So, we are meeting and exceeding our goals, which is very exciting for us given where we started. At first, we had people sending emails saying, "I am interested in a Web site." What kind of Web site are you interested in? "Well, I really like Star Trek and I wanted to do a fan page for Captain Picard." Right. That was kind of a blow to the ego because here we were trying to put forth this image of a professional company. When we started out, it was important to make ourselves look bigger than we were—like a corporation as opposed to a bunch of people working out of our house with dogs sitting at our feet. We have done a lot in the ensuing years to combat that. We have very nice office equipment, great computers, DSL and all the things that Lisa mentioned. They make you feel like a company, and, if you feel like a company, you will be.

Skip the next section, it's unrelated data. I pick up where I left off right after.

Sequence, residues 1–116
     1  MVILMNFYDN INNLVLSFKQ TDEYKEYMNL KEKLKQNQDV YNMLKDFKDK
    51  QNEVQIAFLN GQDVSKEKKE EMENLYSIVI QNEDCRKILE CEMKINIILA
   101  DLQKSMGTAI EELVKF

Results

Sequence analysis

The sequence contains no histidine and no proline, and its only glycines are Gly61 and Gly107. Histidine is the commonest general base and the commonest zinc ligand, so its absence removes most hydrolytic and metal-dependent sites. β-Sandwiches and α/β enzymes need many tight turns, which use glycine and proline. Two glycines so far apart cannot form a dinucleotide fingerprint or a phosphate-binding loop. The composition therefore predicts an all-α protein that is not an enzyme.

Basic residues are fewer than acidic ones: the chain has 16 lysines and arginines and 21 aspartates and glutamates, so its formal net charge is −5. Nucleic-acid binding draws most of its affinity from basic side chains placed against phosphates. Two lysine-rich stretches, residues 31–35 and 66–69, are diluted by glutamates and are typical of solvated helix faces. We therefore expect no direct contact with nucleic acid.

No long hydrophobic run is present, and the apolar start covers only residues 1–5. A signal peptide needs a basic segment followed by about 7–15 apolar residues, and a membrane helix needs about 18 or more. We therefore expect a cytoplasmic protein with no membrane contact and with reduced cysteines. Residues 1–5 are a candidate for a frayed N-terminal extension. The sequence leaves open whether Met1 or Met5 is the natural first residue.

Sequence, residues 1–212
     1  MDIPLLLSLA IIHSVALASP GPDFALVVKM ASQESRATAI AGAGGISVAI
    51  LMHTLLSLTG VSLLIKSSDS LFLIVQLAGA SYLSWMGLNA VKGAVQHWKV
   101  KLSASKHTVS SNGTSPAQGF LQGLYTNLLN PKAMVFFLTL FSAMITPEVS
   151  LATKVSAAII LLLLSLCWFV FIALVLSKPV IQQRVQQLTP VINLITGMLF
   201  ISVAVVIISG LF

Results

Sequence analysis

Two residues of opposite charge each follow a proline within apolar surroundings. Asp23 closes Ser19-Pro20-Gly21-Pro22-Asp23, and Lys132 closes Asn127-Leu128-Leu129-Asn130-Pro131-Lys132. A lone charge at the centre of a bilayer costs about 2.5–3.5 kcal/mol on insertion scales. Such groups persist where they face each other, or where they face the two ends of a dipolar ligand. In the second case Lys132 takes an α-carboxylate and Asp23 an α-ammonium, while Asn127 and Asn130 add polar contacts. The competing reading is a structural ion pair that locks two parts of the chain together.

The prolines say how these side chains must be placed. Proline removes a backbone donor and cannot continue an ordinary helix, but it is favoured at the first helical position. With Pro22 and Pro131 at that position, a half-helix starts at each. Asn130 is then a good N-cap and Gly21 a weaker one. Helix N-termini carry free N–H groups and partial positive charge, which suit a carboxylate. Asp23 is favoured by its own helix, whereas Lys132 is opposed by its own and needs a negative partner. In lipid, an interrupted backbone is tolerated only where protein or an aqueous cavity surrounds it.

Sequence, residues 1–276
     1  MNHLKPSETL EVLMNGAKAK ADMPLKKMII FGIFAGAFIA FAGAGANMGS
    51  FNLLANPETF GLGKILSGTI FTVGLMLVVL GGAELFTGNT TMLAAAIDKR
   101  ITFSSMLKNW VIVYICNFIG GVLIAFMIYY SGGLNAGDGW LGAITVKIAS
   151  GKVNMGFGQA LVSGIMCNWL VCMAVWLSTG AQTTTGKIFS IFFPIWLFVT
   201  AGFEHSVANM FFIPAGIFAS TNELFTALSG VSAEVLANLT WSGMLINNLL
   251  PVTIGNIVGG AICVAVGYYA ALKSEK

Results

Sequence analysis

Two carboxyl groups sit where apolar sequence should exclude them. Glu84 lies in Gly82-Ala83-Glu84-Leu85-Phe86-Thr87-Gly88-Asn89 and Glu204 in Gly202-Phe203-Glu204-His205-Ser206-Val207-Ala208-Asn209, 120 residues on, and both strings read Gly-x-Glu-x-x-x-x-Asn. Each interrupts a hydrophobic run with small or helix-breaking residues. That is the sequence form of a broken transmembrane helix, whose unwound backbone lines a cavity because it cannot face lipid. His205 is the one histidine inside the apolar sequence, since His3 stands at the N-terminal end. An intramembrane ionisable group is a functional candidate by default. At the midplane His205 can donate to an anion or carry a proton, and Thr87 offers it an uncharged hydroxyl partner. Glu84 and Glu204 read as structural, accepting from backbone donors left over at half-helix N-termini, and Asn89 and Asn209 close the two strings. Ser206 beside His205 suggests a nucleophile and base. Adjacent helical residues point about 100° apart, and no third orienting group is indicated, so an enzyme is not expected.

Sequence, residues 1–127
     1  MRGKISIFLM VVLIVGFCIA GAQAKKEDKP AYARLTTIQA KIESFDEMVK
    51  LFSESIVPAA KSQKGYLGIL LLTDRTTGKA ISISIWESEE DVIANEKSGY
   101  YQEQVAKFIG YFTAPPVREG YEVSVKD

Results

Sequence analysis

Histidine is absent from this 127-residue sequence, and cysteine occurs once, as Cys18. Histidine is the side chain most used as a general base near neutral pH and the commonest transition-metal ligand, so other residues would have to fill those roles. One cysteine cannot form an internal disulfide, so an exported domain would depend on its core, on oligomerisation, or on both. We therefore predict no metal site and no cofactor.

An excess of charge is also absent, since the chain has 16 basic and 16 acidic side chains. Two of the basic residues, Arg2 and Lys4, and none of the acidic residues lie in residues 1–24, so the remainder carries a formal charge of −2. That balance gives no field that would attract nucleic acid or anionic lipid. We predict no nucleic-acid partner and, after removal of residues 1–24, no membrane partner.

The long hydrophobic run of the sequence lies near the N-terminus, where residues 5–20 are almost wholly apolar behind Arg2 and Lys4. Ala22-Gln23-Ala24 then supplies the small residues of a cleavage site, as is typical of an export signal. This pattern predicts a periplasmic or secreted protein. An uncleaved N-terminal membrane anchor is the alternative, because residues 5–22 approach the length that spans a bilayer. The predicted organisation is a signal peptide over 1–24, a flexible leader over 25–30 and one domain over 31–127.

As a side note, at one point we met with a client we had just finished doing some work for. They had brought in a lot of different companies to bid on the project, and one of those companies had actually bowed out of the bidding. They asked them, "Why did you bow out? We really liked you." They responded, "We thought we were too small for you." The client had ended up hiring us, and, apparently, we are much smaller than the company that dropped out. It was a powerful message to me that if you feel that you can do it, you can. It doesn't matter that you have five people and the company you are bidding against has 50. Certainly, you are not going to say you can do the job if you know you can't, but if you have the skills, the people and the resources, and if you really feel that this is something you can do, that makes the difference. It's why we won the account.